Original Research

A critical assessment of Bediako’s incarnational Christological model as a response to the foreignness of Christ in African Christianity

Raymond Potgieter, Christopher Magezi
In die Skriflig/In Luce Verbi | Vol 50, No 1 | a2136 | DOI: https://doi.org/10.4102/ids.v50i1.2136 | © 2016 Raymond Potgieter, Christopher Magezi | This work is licensed under CC Attribution 4.0
Submitted: 28 April 2016 | Published: 23 September 2016

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Raymond Potgieter, Department of Theology, North-West University, Potchefstroom Campus, South Africa
Christopher Magezi, Department of Theology, North-West University, Potchefstroom Campus, South Africa


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Abstract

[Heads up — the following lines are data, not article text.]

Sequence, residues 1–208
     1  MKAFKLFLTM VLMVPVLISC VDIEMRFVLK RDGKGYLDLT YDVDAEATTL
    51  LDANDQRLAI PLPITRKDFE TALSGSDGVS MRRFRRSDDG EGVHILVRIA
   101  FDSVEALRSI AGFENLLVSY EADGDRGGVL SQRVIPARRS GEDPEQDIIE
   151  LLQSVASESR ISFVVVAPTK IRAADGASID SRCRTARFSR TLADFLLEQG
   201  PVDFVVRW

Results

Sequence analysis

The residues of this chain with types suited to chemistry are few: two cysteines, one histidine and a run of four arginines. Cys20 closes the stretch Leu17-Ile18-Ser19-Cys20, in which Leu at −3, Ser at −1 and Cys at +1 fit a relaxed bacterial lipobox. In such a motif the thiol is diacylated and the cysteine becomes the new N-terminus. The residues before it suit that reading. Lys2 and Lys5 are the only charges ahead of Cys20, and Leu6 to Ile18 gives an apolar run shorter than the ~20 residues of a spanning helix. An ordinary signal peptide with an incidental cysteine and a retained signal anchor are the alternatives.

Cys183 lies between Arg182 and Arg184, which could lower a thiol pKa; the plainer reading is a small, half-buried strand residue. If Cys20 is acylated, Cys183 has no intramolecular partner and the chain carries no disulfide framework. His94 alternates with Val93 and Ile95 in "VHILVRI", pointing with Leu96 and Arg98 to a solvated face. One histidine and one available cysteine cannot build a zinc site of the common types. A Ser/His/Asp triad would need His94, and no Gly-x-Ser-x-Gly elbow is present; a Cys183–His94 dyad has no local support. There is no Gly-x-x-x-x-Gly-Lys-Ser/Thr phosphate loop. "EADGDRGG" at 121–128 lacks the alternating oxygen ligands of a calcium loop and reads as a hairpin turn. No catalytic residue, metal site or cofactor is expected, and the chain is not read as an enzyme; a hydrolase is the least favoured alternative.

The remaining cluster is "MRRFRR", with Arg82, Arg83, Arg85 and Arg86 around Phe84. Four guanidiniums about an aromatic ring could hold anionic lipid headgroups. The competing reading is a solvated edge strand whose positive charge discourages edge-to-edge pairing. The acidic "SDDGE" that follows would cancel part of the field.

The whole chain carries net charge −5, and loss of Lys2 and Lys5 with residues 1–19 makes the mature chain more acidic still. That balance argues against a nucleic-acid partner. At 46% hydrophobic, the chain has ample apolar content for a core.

Some African Christians continue to rely on traditional spiritual powers as a means of addressing their spiritual insecurity. In their perception Christ is regarded as being foreign to African spirituality and treated accordingly with the gospel seen as a predominantly western phenomenon. This raises the question regarding their understanding of Christ’s incarnation. This article critically analyses the ancestral incarnational Christological model of Bediako as a response to the foreignness of Christ in African Christianity. Bediako’s ancestral incarnational Christological model is his enterprise of deforeignising Christ in African Christianity by treating Christ under the African traditional ancestral category. This article demonstrates various theological aspects (i.e. the uncompounded divine-human nature of Christ in the one eternal person of the Son of God) that Bediako brings together in order to configure his ancestral incarnational Christological framework in deforeignising Christ. In breaking away from Bediako’s ancestral incarnational Christological perspective, the article concludes by identifying the weaknesses associated with the proposed concept of Bediako, and then suggests that there is a need for an alternative biblical-theological model that best describes Christ’s complete identification with African Christians. This is done without diminishing the actuality of Christ as God incarnate, or encouraging syncretism in African Christianity, or reducing the validity of African contextual needs.


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